Have you noticed how the teams you lead or are a part of have changed over the last 18 months? Have they become closer because of circumstances that no-one would have chosen? Or have you seen teams grow apart?

In talking to staff at a care home we are working with I asked why things weren’t working like they used to. The common answer I got was ‘We don’t know each other’.

There had been a lot of staff changes with lots of new, relatively inexperienced young staff joining the home. Delving a bit deeper, I asked about why knowing each other mattered so much. Eventually it settled on five words: Have you got my back?

Care staff in different places told me about two groups of people emerging during the pandemic – Those who stuck it out and came into work and those who for a variety of reasons, would or could not come into work.

There exists resentment and guilt in equal measures. Add to that the exhaustion, stress and sacrifices staff have made, you can see why someone having your back matters so much.

Despite all of this maybe there will be some clarity that emerges about creating teams that can make person centred care happen. I would like to offer two observations:

‘Getting each other’ – For years we have been working with care teams trying to out across the key point that unless you ‘get’ each other, you will be able to come together and ‘get’ people living with dementia. What people have articulated over the last 18 months is exactly that point.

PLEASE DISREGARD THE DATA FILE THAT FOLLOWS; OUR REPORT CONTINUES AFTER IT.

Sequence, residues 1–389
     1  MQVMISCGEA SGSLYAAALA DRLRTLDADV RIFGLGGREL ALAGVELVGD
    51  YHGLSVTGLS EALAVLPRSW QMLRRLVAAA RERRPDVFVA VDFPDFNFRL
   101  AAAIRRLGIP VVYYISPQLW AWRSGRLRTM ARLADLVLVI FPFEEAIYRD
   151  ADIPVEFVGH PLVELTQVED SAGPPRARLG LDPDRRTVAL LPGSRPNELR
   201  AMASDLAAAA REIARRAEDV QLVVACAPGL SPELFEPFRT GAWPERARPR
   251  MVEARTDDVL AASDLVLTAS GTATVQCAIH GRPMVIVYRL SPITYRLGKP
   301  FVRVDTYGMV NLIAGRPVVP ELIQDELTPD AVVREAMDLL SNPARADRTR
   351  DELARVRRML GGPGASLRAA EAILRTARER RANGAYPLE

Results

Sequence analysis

‘Quality of Service vs Quality of Life’ – The struggle of implementing person centred care seems often to get back to this apparent conflict. How can you do one without compromising the other? Staff often seem conflicted by contradictory messages given by their employers, family members and colleagues. What should I do? Does the thing that I feel is intuitively ‘right’, but will I get punished? Who will have my back?

Getting each other and having each other’s back is a lot about trust.

In reading Patrick Lencioni’s The Five Dysfunctions of a Team: A Leadership Fable*, I got three main messages about developing trust:

  • When there is trust the team is free to communicate openly about any issue, which leads to all issues being brought to the table.
  • Everyone feels free to say what they think, and the best solution is more likely to emerge -without anyone getting hurt
  • To foster trust, people must embrace vulnerability. And the first person to show vulnerability should be the leader.

He writes: “Remember teamwork begins by building trust. And the only way to do that is to overcome our need for invulnerability.”

I was really struck by his point about invulnerability. I had a boss who could never admit they were wrong. It created a place where people hid mistakes, fearing the consequences of what may happen.

Remember a time when you had got something wrong and did not know how to admit it. Then you got the opportunity to do so and remember the feelings of relief you had when you did? Why did you do it – Who made it happen. I bet it was someone who would not judge you, was interested in helping you to solve the matter at hand and was not motivated by looking better than you.

In re-building person centred teams perhaps we all need to remember the qualities of that person.

*The five dysfunctions of a team Lencioni, Patrick 2002 Jossey-Bass

Consultant Learning & Development Manager
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